The Spa also offers ‘sound baths’ to balance the nervous system and encourage cell renewal with dreamlike ‘alpha’ wave sound frequencies.
There are also ‘synaesthesia’ treatments that aim to activate all the senses with sound, touch, flavours and colours, taking you ‘out of your head’ to tap into the subconscious. Additional deep stretching sessions — a combination of movement and massage — release trauma and free the mind.
Aromatherapy Associates’ Forest Therapy Wellness Mist, (pictured)) bottles the life-affirming, soul-soothing benefits of a walk in the woods
In Harley Street, London, aesthetic doctor David Jack and hypnotherapist Malminder Gill have teamed up to offer the Mindful Facial, from £285. It aims to ‘detoxify the skin and the mind’ and dial down levels of stress hormone cortisol.
Gill will record a bespoke hypnosis after an initial phone consultation which plays during the in-clinic facial. A follow-up recording is sent for clients to listen to at home.
Results, it’s claimed, are like a ‘lifting of the soul’.
FRAGRANCE TO BLOW YOUR MIND
Proponents of aromatherapy have long reached for their bracing mint or sedative patchouli oils to regulate their moods in times of need.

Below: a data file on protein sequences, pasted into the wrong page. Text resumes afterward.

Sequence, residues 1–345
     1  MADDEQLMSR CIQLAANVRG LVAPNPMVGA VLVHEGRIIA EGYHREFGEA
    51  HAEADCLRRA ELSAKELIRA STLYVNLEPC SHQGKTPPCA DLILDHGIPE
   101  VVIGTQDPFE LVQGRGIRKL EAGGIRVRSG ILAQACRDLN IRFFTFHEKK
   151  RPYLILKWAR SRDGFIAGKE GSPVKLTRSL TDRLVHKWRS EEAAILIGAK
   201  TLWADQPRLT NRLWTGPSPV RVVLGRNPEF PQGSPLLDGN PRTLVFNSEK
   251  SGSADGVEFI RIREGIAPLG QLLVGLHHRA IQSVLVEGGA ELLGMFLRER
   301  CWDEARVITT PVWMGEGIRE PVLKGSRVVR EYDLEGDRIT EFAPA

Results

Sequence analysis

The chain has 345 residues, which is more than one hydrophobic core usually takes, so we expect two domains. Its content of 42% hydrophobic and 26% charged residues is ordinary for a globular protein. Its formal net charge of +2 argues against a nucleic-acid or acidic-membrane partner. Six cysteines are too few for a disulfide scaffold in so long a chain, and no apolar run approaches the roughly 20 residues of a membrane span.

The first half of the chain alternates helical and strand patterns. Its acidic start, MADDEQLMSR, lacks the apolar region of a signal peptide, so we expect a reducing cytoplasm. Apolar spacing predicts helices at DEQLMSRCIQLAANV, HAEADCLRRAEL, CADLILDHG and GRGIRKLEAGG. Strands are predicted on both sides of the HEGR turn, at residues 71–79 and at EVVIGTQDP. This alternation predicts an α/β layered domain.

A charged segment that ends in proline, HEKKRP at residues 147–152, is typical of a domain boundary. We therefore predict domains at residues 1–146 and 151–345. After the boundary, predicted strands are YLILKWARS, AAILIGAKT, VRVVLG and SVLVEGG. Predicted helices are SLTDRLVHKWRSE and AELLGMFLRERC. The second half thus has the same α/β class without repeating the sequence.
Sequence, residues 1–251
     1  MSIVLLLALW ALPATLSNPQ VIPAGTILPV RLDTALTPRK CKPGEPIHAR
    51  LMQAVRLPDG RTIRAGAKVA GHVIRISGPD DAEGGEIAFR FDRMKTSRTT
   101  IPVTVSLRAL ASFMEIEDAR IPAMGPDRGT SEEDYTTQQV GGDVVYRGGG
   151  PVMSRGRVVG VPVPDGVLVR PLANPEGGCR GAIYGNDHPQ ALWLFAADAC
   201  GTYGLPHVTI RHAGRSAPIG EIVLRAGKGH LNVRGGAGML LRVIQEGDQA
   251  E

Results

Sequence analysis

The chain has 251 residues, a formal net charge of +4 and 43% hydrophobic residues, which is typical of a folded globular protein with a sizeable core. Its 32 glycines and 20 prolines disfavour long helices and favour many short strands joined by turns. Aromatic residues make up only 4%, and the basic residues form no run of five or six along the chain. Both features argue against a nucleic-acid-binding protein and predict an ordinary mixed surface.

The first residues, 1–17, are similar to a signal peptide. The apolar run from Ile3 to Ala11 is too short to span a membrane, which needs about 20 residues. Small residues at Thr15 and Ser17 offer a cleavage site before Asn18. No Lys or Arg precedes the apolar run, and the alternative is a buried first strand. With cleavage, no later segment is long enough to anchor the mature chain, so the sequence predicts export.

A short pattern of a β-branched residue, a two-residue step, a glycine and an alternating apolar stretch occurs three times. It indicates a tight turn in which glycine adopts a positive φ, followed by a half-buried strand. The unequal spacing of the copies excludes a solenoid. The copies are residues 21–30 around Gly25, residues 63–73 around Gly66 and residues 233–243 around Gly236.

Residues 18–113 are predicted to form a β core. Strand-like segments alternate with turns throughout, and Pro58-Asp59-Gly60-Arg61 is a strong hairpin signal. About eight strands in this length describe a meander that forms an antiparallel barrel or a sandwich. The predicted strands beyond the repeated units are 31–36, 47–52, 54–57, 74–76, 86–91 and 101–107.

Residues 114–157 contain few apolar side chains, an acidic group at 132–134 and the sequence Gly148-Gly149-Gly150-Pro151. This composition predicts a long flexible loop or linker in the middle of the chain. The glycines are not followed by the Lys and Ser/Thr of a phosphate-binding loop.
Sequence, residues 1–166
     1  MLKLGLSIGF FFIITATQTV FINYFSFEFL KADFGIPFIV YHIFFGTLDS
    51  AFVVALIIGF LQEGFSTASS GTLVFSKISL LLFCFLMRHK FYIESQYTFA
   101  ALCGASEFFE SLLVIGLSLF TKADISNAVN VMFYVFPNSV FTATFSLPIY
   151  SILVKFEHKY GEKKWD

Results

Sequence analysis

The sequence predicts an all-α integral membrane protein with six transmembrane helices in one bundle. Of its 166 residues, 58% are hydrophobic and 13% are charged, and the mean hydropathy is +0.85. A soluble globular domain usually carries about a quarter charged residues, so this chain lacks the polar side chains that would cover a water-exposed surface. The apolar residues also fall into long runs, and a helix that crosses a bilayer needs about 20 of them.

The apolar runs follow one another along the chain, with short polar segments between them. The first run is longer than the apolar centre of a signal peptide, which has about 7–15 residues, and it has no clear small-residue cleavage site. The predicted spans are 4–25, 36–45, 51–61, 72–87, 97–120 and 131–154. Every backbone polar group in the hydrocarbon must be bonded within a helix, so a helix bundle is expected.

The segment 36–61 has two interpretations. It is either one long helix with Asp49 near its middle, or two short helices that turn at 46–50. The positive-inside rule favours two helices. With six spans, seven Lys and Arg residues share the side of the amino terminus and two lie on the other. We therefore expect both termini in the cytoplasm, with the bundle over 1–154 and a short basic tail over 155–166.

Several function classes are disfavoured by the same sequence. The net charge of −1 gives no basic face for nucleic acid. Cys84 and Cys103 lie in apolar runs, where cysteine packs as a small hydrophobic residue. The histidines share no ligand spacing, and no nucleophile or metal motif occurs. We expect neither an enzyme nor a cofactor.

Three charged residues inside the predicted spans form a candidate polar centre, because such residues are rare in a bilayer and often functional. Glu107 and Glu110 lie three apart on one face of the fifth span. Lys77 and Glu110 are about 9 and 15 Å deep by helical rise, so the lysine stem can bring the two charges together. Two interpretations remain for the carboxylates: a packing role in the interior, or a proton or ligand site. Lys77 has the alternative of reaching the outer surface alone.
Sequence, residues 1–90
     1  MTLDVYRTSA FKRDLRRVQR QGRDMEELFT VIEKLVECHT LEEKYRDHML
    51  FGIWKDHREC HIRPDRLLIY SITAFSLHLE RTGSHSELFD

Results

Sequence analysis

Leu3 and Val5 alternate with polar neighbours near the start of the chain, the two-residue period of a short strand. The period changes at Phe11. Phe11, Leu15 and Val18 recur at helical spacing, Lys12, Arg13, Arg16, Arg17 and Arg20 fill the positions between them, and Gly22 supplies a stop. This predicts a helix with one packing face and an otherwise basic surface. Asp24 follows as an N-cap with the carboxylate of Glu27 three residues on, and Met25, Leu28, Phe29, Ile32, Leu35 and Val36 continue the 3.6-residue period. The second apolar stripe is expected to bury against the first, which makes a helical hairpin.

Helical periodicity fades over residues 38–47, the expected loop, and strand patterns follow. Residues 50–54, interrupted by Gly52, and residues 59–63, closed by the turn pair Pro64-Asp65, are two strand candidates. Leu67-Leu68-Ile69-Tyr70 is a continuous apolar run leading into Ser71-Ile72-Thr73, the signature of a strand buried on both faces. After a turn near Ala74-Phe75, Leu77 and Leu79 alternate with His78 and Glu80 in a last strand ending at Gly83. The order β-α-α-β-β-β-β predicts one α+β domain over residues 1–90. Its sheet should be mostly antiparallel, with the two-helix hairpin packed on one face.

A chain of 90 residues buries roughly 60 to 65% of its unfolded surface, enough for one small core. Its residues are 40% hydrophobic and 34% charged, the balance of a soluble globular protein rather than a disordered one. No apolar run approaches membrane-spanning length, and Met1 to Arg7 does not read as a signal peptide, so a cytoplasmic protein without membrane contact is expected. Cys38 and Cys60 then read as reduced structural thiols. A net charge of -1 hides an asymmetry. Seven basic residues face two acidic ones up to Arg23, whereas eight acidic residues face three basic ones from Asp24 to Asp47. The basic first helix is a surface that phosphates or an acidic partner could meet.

Whether forged through personal or cultural associations, scent directly affects our emotions and contributes to the strength of memories.
Thin Wild Mercury Laurel Canyon 1966 Edt (pictured) contains seven anxiety-reducing aroma extracts
New studies have shown how this happens.
‘Brain-imaging tech- nology proves that certain aromas change people’s brainwave patterns, irrespective of their familiarity with the smell,’ says psychologist Dr Mark Moss of North- umbria University.
‘It suggests a mood- modulating effect that is more hard-wired than simple associations with scent.’
In other words, our response to aroma isn’t just psychological but physical. For example, the scent of specific wood essential oils (phytoncides) lowers blood pressure and stress hormone levels, and may even increase immune cell activity.
This has led fragrance companies to work hard on ‘functional fragrances’ — scents that work as anti-stress or confidence-boosting supplements.
ThisWorks Love Sleep Bedroom Blend (pictured) is designed to help you switch on your libido